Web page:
What's The Secret To Having A Successful Marriage? Be Wealthy, But Don't Spend A Lot Of Money On Your Wedding
Ever wish there was some sort of a guide out there that could just show you how to make your relationship work? You're not the only one — and you're also in luck. A new study reveals the keys to a successful marriage… or at least one that is less likely to end in divorce.
So what is the formula for a "divorce-proof" marriage? According to researchers at Emory University, it's simple: Be wealthy, but don’t spend too much money on your wedding. Definitely go on a honeymoon. Oh, and be sure to date your partner for at least three years before tying the knot, and marry them for something other than their looks or wealth. That's it! You're on your way to marital bliss!
Well, kind of. Researchers Andrew M. Francis and Hugo M. Mialon surveyed more than 3,000 married people in the United States, asking them questions about their wedding spending, courtship, and marriage duration in an attempt to figure out what makes a modern-day marriage last. Francis and Mialon's findings point out factors that are most likely to lead couples to divorce, and which ones might contribute to a relationship's overall success. Essentially, it comes down to something of a numbers game. Let's break it down, shall we? Here's how the statistics play out, according to three different factors: the cost of the wedding, how much money a couple makes, and how long a couple dated before taking the marital plunge.
1. The cost of your wedding
Francis and Mialon's first finding has already set the Internet ablaze — expensive wedding rings are linked to higher divorce rates. In fact, wedding rings that cost between $2,000 and $4,000 are 1.3 times more likely to end up belonging to a divorcee than rings that cost less. What's more? That same type of rule applies to the amount of money spent on a couple’s wedding — the more you spend on your wedding, the more likely you will need to have a second one. Couples that spent more than $20,000 on their wedding were 46 percent more likely to end up divorced than couples that spent between $5,000 and $10,000.
So if you're looking for marital bliss, be sure you have a less expensive wedding — but also make sure you invite everyone you know. Francis and Mialon’s study found that the more wedding guests, the more likely the marriage will last. Couples that invited more than 200 guests were 92 percent less likely to end up with a divorce than couples that eloped. But that's not all...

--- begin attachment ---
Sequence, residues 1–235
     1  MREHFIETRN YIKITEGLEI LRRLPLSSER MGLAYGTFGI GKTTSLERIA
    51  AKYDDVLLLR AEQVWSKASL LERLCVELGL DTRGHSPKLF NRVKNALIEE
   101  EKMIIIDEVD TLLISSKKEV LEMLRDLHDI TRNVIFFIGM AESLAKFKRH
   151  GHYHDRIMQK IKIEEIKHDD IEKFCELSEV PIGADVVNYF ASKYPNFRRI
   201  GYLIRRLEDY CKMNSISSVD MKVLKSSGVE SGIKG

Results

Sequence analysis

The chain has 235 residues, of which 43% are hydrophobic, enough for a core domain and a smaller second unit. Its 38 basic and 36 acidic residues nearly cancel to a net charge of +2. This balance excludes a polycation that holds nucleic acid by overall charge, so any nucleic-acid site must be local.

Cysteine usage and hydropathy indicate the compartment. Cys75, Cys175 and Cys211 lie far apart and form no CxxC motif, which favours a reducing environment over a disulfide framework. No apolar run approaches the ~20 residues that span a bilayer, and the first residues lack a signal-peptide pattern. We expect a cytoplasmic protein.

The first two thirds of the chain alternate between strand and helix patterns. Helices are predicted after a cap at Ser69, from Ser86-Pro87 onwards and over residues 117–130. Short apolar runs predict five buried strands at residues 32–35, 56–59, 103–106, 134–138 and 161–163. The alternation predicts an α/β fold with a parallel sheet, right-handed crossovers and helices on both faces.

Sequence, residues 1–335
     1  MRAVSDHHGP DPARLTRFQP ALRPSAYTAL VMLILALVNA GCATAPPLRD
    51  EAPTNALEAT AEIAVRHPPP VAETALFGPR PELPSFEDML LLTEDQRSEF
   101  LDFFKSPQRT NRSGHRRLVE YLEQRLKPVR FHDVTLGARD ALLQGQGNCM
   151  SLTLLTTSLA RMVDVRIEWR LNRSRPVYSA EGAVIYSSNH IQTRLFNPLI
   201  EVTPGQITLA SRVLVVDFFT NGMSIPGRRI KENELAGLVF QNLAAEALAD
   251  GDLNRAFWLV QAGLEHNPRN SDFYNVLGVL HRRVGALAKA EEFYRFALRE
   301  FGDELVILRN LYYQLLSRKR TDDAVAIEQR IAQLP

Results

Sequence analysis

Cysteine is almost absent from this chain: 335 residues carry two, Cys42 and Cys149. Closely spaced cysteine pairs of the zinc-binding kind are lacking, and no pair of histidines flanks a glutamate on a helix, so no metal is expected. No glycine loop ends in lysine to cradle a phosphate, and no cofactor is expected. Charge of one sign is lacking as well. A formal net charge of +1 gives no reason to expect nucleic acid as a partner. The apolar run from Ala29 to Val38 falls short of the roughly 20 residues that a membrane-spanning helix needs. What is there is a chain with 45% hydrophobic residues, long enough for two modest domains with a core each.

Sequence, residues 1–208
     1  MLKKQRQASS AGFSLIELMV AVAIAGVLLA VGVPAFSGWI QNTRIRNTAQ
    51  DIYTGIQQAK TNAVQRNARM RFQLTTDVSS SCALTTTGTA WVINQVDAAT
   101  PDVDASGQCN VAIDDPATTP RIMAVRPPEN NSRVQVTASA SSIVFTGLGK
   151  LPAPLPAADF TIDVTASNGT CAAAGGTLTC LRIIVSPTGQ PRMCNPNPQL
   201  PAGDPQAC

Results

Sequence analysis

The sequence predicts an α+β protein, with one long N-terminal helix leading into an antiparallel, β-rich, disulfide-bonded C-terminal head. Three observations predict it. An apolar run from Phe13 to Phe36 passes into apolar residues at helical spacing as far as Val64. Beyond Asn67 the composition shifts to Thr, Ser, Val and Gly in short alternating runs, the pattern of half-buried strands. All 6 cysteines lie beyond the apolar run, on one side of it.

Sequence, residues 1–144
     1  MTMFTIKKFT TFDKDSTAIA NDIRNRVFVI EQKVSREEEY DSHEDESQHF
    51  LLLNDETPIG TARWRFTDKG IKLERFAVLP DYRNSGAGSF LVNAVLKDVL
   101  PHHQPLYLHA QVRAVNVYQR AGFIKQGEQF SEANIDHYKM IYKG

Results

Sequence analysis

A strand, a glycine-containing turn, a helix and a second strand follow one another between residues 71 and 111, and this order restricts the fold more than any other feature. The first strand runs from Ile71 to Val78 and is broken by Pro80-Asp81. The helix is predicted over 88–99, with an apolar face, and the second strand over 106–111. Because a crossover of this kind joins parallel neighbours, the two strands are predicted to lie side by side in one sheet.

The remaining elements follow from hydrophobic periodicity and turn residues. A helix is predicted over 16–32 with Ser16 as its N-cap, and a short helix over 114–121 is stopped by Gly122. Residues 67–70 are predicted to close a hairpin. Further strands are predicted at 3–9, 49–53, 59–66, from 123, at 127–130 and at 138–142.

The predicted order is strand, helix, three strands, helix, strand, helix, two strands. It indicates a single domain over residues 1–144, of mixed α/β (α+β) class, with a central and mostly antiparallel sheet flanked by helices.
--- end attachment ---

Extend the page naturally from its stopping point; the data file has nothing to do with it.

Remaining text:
While it seems as though less wedding spending leads to longer marriages, it's still important for couples to be wealthy. Spouses with a combined income of more than $125,000 were 51 percent less likely to split than couples with a combined income of less than $25,000. Some of that money should be put to work though, as couples that went on honeymoons decreased their chances of divorce by 41 percent. More incentive to save on that wedding!
It's not all about money — courtship also plays a role in a marriage’s duration. The longer the courtship, the longer the marriage will be. Couples who dated for more than three years prior to their engagement were 39 percent less likely to call it quits than couples who had only been dating for less than a year. But even if you've been together forever, make sure you're getting married for the right reasons. Women who cited their partner’s wealth as an important factor in their decision to say "I do" were 60 percent more likely to end up divorced, while men who said that their partners looks were important were 50 percent more likely to end up separated.
Honestly, most of this information isn't too surprising. Obviously, dating someone for more than three years and valuing them for qualities other than their looks or wealth is a good foundation to start a marriage. And going on a honeymoon could be considered a sign that a couple values spending time together. However, it does seem confusing that while spending lots of money on the wedding and ring may lead to trouble, being "wealthy" is helpful. Maybe it just goes to show that spending money on a wedding isn't as important as focusing on the marriage itself.
So there you have it! Now all you have to do is find someone to date, then fall in love with them, then decide to spend the rest of your life with them, then make extra sure that your lives are compatible, then get that person to propose, or maybe just propose yourself. See? Easy peasy.